“We knew the land used to belong to the Army, that it was considered uninhabitable by them, and that was something we took pride in,” says Beto. “At the end of the day, it’s about bragging rights: the more you suffer, the more bragging rights you have, and the Marine Corps makes you suffer a lot.”

Beto and his unit were the first unit to go into Iraq in 2003. They arrived in Kuwait, and 2 months later they entered Iraq for the invasion of Baghdad. 

It is never easy for a mother to have her children leave home, even more so, when leaving home means going to a war halfway across the world. Communication was hard once Beto was deployed: during that time, he missed the birth of his first son, which he had to witness via a video call. When she wouldn’t hear from him, Mrs. Ureña was surrounded by anguish, even though she never lost faith in hearing from her son.

“After 3 months, I heard something from him,” she recalls. “One night I was crying and crying, asking God ‘I want to know about my son.’ All the TVs in my house were on day and night—I had an obsession to see my son. ‘God, have him come up on TV, running or something, but I want to see my son.’”

Mrs. Ureña’s faith was so strong that she believes the miracle she prayed for that night happened the next morning. A few hours into her shift at a gas station, her daughter, Viridiana, showed up with an unexpected surprise.

“Around 9 in the morning I saw my daughter was standing there, jumping, and she was showing me an envelope,” Mrs. Ureña says. “She took out a photograph, it was José Alberto, it was a huge picture, head to toe, he was standing next to a statue of Saddam Hussein. He was skinny and really dirty.”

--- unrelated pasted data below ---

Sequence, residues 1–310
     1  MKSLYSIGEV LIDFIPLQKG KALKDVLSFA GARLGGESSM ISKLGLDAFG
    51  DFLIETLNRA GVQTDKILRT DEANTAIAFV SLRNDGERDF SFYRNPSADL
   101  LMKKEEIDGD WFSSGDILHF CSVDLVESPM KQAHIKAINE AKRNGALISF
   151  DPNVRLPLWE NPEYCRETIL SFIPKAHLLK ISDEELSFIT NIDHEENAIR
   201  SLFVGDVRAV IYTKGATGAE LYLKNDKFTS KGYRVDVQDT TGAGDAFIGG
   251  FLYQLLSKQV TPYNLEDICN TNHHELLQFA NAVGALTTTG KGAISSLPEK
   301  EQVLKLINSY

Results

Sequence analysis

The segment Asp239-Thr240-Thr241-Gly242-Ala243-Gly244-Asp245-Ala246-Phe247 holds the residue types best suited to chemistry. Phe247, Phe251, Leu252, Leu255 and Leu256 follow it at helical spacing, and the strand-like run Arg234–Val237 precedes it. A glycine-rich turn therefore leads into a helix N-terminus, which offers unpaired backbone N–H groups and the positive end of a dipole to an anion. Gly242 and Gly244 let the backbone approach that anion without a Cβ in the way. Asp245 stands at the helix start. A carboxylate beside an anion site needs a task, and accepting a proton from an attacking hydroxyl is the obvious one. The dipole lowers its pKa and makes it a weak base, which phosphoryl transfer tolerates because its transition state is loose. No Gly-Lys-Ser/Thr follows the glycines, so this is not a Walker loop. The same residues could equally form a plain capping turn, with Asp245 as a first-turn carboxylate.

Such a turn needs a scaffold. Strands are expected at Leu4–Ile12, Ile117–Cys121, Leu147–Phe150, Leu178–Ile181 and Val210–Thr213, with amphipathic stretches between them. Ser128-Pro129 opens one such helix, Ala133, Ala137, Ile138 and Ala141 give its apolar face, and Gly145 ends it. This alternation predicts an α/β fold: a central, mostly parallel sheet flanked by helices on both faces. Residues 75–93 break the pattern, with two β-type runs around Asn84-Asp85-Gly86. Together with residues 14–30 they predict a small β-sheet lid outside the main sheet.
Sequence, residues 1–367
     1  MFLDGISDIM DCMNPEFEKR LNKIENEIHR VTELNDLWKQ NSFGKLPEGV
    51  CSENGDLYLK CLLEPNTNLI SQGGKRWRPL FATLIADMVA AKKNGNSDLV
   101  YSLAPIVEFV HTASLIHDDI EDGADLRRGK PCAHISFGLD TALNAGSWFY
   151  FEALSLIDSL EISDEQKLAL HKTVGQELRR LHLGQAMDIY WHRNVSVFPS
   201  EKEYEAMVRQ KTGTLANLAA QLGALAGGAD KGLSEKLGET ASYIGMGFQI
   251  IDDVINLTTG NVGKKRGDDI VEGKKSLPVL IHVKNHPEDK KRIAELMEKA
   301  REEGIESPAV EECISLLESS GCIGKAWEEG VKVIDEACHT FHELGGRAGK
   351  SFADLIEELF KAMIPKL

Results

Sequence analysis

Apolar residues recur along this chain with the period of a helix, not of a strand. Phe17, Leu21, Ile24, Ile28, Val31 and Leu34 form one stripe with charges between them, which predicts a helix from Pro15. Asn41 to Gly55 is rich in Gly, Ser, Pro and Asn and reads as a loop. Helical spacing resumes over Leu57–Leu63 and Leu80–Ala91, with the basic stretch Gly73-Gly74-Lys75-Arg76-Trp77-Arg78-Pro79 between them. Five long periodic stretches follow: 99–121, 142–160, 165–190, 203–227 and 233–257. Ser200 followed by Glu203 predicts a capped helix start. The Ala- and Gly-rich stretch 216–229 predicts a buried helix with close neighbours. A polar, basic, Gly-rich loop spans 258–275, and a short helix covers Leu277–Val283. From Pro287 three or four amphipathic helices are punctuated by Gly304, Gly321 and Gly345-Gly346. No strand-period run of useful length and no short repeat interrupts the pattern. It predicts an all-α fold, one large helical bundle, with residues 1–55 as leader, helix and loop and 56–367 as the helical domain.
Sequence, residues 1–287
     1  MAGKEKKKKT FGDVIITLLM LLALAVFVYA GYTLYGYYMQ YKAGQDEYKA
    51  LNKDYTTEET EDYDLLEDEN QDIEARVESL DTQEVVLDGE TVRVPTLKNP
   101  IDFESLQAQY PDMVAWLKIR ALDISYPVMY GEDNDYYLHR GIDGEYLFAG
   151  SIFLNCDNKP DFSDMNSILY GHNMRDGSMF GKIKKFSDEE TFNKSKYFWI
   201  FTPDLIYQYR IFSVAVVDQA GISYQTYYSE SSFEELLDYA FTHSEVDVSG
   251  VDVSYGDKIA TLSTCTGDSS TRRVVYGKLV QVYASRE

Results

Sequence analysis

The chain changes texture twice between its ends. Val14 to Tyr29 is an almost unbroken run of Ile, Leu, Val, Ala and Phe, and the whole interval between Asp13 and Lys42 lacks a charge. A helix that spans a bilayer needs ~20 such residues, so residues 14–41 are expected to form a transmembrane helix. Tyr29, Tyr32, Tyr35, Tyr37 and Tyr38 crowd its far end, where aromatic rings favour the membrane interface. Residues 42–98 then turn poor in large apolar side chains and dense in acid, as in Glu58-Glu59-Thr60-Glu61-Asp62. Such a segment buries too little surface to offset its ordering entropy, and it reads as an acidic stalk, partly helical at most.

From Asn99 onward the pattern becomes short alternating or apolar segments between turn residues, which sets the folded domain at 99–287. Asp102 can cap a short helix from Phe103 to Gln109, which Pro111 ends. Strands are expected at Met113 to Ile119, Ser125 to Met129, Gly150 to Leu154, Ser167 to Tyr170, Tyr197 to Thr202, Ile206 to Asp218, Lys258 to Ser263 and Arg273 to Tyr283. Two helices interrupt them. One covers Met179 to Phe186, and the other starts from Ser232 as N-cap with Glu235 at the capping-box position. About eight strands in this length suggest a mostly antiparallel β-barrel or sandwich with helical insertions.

According to Mrs. Ureña, on the night she was crying and asking God to show her her son, that photograph was being taken.

“That photograph made its way to the school the next morning,” she goes on. “A teacher saw it, he knew (Beto) had a sister who also went to that school and gave it to her … After that, I had faith that he (was) going to be fine. And thanks be to God, he is.”

Beto left the military in 2009. He would go on to work a number of different jobs ranging from landscaping, mining, to firefighting. They were mostly jobs he didn’t enjoy, but in 2015 he realized he wanted to try to get a job in the healthcare field.

Beto is currently working as a respiratory therapist at Banner Medical Center in Tucson. It’s a career he says he chose due to the service he enjoys doing: he served his country, and now wants to serve his community. The only difference is that before he was as an infantryman and now as a respiratory therapist. 

“You all rely on each other (in the military). It’s so different from what I used to do,” Beto says. “My job when I was deployed was to go out, look for a firefight and go out and kill people. Here, my job is to help them live, it’s the whole 360 or 180 complete opposite I think makes it interesting for me.”